Re: MEDIA: Nanomedicine and Kurzweil

From: Robert Bradbury (
Date: Mon Jan 24 2000 - 01:37:41 MST

On Sun, 23 Jan 2000, Joseph Sterlynne wrote:

> In the January/February 2000 issue of the [MIT Technology Review].
> Nanomedicine Nears the Clinic By David Voss

I believe I've commented briefly previously that I thought this
article was a fair amount of fluff and didn't cover the
important stuff (like the publication of Nanomedicine).

As I recall, I've informed the editors about my thoughts.

> (I haven't yet read these but one quick note: the opening blurb for the
> second piece says:
> Ray Kurzweil created a hubbub with his idea that we will soon be
> able to "download" ourselves into machines and live forever.
> Even in an MIT publication the notion of uploading (here misnamed) is
> basically credited to Kurzweil. There's really no excuse. Whatever the
> case, he---and uploading---are certainly receiving more and more attention
> all the time.)

I've also commented to the editors of T.R. that they showed a gross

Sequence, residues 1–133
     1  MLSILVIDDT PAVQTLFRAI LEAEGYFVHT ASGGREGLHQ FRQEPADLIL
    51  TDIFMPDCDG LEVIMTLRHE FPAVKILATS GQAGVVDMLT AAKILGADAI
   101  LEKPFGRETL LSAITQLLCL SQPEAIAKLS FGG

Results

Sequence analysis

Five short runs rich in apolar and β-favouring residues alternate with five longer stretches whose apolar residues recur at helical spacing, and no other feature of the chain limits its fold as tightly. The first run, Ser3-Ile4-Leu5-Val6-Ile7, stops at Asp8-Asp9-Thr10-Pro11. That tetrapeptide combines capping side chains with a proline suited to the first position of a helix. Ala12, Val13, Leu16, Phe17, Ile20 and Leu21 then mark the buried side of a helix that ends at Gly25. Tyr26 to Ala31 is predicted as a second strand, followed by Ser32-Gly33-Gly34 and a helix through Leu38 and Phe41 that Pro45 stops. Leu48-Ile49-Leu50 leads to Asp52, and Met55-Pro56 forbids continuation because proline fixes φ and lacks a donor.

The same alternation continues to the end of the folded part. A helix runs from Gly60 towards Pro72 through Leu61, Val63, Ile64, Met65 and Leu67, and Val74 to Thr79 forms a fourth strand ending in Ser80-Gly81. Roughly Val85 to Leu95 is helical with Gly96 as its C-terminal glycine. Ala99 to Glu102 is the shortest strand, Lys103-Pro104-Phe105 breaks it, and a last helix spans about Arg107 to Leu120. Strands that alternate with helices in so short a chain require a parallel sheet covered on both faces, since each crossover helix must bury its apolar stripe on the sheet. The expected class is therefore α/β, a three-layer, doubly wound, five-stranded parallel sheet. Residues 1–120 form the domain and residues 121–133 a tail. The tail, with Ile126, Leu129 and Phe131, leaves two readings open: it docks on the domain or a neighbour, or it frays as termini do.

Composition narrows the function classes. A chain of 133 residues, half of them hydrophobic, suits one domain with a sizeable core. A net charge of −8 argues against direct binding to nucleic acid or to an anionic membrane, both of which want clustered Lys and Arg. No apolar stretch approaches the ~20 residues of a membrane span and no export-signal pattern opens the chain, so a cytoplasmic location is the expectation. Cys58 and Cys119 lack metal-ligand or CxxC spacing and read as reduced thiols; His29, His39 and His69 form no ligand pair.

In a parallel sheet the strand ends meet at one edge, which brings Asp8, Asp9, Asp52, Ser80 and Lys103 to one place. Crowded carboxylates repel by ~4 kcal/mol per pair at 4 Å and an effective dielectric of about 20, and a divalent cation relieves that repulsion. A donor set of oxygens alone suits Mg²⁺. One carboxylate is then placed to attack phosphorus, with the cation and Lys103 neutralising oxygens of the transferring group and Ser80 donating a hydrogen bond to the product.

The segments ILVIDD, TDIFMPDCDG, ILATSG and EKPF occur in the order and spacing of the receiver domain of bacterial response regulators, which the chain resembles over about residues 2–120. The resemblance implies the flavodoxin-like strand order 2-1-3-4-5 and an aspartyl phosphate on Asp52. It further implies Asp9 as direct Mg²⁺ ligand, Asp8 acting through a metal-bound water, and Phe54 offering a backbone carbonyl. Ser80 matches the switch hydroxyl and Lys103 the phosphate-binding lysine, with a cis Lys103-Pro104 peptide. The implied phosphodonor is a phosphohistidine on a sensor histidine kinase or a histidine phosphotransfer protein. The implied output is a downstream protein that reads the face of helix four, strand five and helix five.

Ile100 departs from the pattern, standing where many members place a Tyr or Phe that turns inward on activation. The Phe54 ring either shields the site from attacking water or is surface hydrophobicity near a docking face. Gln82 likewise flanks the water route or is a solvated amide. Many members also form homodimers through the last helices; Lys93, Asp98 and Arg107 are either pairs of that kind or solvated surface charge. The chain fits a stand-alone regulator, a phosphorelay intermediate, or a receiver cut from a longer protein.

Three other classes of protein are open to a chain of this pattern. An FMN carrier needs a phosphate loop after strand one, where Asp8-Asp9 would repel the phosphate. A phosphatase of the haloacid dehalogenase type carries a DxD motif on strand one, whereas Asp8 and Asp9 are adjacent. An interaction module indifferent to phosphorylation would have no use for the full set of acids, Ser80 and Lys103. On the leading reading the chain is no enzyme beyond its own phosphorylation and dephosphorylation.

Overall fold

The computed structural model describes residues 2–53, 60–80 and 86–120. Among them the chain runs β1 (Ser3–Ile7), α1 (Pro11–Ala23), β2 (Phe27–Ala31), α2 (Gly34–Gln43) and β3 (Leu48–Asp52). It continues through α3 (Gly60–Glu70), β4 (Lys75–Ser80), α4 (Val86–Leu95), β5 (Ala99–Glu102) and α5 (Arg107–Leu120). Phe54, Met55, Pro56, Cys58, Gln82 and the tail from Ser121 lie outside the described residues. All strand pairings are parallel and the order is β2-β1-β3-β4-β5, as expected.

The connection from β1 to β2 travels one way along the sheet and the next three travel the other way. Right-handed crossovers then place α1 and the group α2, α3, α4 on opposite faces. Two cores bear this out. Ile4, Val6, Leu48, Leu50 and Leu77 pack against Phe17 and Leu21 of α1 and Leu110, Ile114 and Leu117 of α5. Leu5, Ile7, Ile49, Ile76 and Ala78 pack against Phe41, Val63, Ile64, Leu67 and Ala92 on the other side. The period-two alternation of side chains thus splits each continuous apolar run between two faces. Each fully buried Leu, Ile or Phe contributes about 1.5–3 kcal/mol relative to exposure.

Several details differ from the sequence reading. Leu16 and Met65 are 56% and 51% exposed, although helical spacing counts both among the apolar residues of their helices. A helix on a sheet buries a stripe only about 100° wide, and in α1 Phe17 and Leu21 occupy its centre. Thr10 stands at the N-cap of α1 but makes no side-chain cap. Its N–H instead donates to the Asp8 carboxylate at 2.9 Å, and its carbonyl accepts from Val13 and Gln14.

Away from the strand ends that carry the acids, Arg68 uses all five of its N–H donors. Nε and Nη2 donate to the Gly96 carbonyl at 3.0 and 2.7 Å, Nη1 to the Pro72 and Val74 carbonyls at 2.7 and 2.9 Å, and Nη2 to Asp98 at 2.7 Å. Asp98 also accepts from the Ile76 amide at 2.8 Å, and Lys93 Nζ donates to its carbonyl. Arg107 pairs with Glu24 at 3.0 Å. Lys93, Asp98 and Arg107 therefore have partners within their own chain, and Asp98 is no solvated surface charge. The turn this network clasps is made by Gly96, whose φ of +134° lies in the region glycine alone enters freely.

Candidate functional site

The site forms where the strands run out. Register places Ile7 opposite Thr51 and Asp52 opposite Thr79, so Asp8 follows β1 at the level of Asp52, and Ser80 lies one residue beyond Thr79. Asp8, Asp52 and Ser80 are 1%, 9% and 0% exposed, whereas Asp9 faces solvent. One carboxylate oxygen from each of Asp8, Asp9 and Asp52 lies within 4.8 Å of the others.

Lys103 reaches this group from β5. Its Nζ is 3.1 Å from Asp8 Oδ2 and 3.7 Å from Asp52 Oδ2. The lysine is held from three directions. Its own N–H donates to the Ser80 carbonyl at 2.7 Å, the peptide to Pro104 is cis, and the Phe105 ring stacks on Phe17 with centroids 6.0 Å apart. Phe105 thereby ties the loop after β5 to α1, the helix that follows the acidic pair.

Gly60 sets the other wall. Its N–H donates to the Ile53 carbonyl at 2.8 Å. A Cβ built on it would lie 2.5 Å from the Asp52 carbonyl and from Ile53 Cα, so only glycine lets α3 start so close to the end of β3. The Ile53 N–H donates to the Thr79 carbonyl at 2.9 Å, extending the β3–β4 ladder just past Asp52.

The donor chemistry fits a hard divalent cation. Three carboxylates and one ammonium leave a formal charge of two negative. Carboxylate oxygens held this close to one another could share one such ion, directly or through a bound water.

lack of knowledge in the area by not acknowledging Moravec and Minsky.
There is nothing in anything re: Kurzweil that I've read that indicates
that he invented "uploading" (rather than simply promoted it). While
this is distinctly possible, proper scientific etiquette should make
things clear. Minsky has informed me directly (in private conversation)
that it appears he *and* Moravec invented separate concepts of uploading
independently. I haven't seem the same admission from Kurzweil.

Now, just as a private note of personal experience, Ray, dropped in on
my discussion of "The Limits to Intelligence" at the last Foresight
Senior Associates gathering (where I was trying to present Matrioshka
Brains in a limited form), he offered one comment that seemed fairly
out of context and then disappeared. { Of course his impression,
perhaps valid, is that I may not have understood the relevance of
his comment. }

While I acknowledge the good Ray is doing in promoting the idea of
uploading, I'm somewhat angst-ized as to whether or not he is attributing
it properly.

I try to make very clear in my "Reading List" page what sources
I have read, so if I recreate something previously invented, people
can backtrack it.


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